In April, Portland’s clandestine archival label Mississippi Records reissued Harry Smith’s indispensable Anthology of American Folk Music as an 8LP cloth-bound box set. The label’s founder Eric Isaacson described it as “a game-changer”, responsible for changing America “more than maybe any other record ever made”. A story of obsession, bankruptcy and black magic built on a unprecedented collection of junk 78s, The Vinyl Factory’s Theo Leanse traces the making of an LP that shaped American music forever.
Words: Theo Leanse
Various Artists The Anthology of American Folk Music
(Mississippi Records / Smithsonia Folkways, 2014 / 1952)
The Anthology of American Folk Music was compiled by Harry Smith for Moses Asch’s Folkways Records and released in 1952 at a retail price of $25. That’s $216 in today’s money (£130 in today’s sterling) and although you would have gotten three separate boxed-sets each with individual cover art containing two LPs and extensive liner notes for your bucks, this suggests that highly priced luxury ethnomusicological box-sets are nothing new, especially when you consider the fact that Asch and Smith hadn’t paid for the licenses.
Harry Smith was an eccentric who collected obsessively – i.e. you can view his world-beating collection of string figures in a Brooklyn gallery, or his world-beating collection of Ukrainian dried and painted Easter eggs in a major central European museum. And there are other collections lost over the years: hawked, or abandoned in hotel rooms while Harry escaped unpaid rents, or stolen in revenge by angry neighbours at the Hotel Chelsea who broke in with fire axes after Harry’s long loud nights fuelled by amphetamines and the jazzy opera Rise and Fall of The City of Mahagonny by Bertolt Brecht and Kurt Weil. He was an artist, a beat satellite, a maker of surreal animated films (some of which are now cult classics of early 70s cinema influential for the likes of Terry Gilliam – for a bit of a trip, see his boisterously occult masterpiece Heaven and Earth Magic). Born in ’23 in Portland, Oregon, he spent some time in Indian reservations with his schoolteacher mother, receiving shamanic initiation, and some time later moving to New York City to blow a filmmaking grant awarded to him by the Guggenheim.
In 1927 the American poet Carl Sandburg issued American Songbag, a literary collection of traditional American folk songs. Like the material on Harry’s later compilation, these songs drew across centuries and continents, often sharing focus with the Child Ballads – a landmark overview of traditional English and Scottish ballads drawn up in the late 19th Century by American scholar Frances James Child. Alan Lomax, the grand old man of folk field recordists, had detailed with Pete Seeger in the ’30s another map of the American folk music landscape – a definitive mimeographed list of songs to be preserved at the US Library of Congress’ Archive of American Folk Song. With these pointers and a healthy dose of compulsion, Harry Smith’s collection swelled to thousands of monophonic 78rpm records dated between the mid-’20s and the Great Depression, picked up as low-worth parochial trash from junk dealers.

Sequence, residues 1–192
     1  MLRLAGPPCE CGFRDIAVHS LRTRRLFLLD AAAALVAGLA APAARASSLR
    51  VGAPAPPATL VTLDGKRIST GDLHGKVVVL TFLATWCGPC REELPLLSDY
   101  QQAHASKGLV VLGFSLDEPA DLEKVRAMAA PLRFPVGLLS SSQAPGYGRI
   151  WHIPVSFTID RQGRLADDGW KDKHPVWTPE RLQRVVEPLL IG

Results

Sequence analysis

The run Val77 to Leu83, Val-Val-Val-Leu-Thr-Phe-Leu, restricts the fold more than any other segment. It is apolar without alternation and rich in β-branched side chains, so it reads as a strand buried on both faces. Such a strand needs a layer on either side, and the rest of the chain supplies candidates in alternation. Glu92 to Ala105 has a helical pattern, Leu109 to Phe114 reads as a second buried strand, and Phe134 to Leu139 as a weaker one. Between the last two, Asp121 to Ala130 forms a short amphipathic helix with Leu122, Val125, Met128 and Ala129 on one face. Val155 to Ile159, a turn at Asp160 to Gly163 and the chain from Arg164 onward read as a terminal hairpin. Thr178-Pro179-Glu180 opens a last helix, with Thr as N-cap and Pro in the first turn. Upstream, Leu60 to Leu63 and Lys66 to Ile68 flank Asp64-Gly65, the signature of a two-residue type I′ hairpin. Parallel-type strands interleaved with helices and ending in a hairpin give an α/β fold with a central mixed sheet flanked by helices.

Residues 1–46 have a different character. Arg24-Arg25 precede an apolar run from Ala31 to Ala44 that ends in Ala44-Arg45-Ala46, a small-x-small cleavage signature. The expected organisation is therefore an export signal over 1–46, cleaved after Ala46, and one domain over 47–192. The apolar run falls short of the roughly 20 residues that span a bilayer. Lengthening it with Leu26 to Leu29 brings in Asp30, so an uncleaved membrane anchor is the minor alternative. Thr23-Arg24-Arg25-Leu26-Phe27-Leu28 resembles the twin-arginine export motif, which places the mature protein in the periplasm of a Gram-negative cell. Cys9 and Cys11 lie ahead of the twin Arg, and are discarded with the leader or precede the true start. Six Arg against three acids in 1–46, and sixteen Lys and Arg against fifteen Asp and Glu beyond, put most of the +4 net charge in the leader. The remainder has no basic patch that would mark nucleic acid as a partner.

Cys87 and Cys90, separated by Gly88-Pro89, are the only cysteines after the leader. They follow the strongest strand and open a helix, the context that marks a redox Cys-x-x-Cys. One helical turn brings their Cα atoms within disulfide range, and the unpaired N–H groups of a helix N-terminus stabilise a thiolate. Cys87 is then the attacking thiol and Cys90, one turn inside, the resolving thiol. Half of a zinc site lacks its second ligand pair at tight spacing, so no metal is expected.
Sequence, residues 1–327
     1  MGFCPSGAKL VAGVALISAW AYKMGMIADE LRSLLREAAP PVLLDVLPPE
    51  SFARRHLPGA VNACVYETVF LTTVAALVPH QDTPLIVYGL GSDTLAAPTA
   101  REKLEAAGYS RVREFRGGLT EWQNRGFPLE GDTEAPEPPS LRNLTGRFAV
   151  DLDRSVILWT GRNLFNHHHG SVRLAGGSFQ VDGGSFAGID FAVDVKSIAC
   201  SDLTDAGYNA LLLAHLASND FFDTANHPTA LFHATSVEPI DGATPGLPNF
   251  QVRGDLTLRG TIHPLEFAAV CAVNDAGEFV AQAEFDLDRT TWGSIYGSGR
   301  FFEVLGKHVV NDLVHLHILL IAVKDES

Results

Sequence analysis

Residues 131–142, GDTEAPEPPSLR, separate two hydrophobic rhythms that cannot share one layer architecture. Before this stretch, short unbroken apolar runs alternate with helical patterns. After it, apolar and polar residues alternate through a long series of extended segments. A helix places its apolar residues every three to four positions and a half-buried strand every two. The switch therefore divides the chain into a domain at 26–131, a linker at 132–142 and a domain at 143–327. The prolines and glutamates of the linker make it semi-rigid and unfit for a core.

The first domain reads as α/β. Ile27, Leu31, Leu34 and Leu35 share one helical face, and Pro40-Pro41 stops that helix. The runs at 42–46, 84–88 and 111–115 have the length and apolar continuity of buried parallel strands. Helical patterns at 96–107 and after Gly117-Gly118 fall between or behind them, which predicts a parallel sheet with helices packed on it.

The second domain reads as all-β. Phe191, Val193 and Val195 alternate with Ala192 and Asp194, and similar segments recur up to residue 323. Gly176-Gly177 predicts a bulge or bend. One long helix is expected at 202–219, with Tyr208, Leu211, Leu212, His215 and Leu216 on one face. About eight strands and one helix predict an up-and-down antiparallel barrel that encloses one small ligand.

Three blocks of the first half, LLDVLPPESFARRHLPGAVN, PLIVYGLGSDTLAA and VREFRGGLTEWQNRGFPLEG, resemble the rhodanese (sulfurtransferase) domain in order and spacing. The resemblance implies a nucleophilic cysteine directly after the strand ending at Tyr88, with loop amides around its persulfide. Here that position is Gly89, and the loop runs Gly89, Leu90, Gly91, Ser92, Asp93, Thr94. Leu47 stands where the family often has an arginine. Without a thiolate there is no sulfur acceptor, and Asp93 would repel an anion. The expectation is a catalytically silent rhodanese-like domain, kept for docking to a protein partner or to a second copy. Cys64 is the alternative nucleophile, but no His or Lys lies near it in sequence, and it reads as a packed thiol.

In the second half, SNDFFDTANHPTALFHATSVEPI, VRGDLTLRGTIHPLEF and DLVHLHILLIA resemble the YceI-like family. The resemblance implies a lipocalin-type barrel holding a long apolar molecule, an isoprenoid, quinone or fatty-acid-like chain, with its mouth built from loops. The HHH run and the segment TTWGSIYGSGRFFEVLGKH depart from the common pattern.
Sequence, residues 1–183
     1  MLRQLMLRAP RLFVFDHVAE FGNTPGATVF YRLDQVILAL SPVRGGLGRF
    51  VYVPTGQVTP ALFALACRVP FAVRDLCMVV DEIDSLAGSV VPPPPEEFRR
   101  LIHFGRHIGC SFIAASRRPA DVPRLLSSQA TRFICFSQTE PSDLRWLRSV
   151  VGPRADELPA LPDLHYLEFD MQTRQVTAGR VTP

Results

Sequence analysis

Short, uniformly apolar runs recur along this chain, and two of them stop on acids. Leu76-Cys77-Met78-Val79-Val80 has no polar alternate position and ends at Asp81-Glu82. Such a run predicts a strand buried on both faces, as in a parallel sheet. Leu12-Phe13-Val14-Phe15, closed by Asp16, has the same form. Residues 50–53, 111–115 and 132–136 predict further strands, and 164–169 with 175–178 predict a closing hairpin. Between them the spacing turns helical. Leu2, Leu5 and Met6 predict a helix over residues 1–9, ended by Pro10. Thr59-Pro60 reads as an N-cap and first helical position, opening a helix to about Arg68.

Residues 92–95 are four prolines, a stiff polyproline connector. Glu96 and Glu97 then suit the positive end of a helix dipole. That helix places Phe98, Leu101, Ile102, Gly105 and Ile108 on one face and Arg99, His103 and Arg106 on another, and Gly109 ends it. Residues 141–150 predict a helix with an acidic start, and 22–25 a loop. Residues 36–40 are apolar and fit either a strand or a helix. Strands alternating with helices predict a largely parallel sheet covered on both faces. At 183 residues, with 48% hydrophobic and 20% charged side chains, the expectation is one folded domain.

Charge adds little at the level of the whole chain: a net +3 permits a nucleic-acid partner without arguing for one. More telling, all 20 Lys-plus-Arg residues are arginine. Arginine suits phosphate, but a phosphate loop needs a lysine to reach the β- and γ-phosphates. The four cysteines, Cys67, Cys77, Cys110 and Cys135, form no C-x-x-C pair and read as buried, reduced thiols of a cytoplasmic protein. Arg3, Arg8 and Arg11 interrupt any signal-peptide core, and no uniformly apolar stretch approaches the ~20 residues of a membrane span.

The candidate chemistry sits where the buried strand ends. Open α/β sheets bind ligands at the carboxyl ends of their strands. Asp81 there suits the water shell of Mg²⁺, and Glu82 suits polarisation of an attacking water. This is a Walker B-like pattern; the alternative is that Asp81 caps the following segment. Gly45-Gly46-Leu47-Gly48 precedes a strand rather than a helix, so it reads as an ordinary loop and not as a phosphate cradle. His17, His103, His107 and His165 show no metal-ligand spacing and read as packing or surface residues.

But in the 1950s, when his money ran out, Harry tried to flog the collection’s best bits to New Yorker Moses Asch – and Asch suggested Harry sort out a compilation instead. Moe had collected popular records in Yiddish from an early age, setting up a small label for global ‘people’s music’ (Asch Records) that he quickly ran into the ground, declaring himself bankrupt and continuing shadowy business with a new label registered through his assistant Marian Distler. This label, Folkways, featuring titles like Japanese Buddhist Ritual, African Drums, Jamaican Cult Music etc., came to be synonymous with world ethnomusicology. But Moe also shaped and showcased the American folk revival of the 40s and 50s, releasing the companion album to Samuel Charter’s book-length country blues study The Country Blues and seminal folk works like ‘This Land Is Your Land’ by Woody Guthrie and ‘Goodnight Irene’ by Lead Belly (and even supporting enough down-and-out folk artists to eventually be figured as Arlen Gamble in the Coen brothers’ Inside Llewyn Davies).
Harry’s Anthology was released in three volumes – Ballads, Social Music and Songs. He planned a fourth, too – ‘Rhythmic Changes’ – but this only saw production in 2000 (and it’s pressed to its intended vinyl format for the very first time with this year’s editions from Mississippi Records). The cover-designs for the records took a detail from the illustrations to the work of 16th Century mystic Robert Fludd, and the colour scheme used to differentiate the volumes was an elemental coda drawn from the Enochian system of 16th Century occult prophet John Dee. Harry was serious about esoteric magic, eventually being ordained a bishop in the Gnostic Catholic Church of the notorious Aleister Crowley, and he evidently found some connection between the culture of American folk and the culture of the occult. So it’s possible the Anthology transmutes some buried Medieval magic. There’s certainly something extraordinary in these complaints about farming’s hardships, barn-dances, stern country hymns and rancorous lovelorn ballads.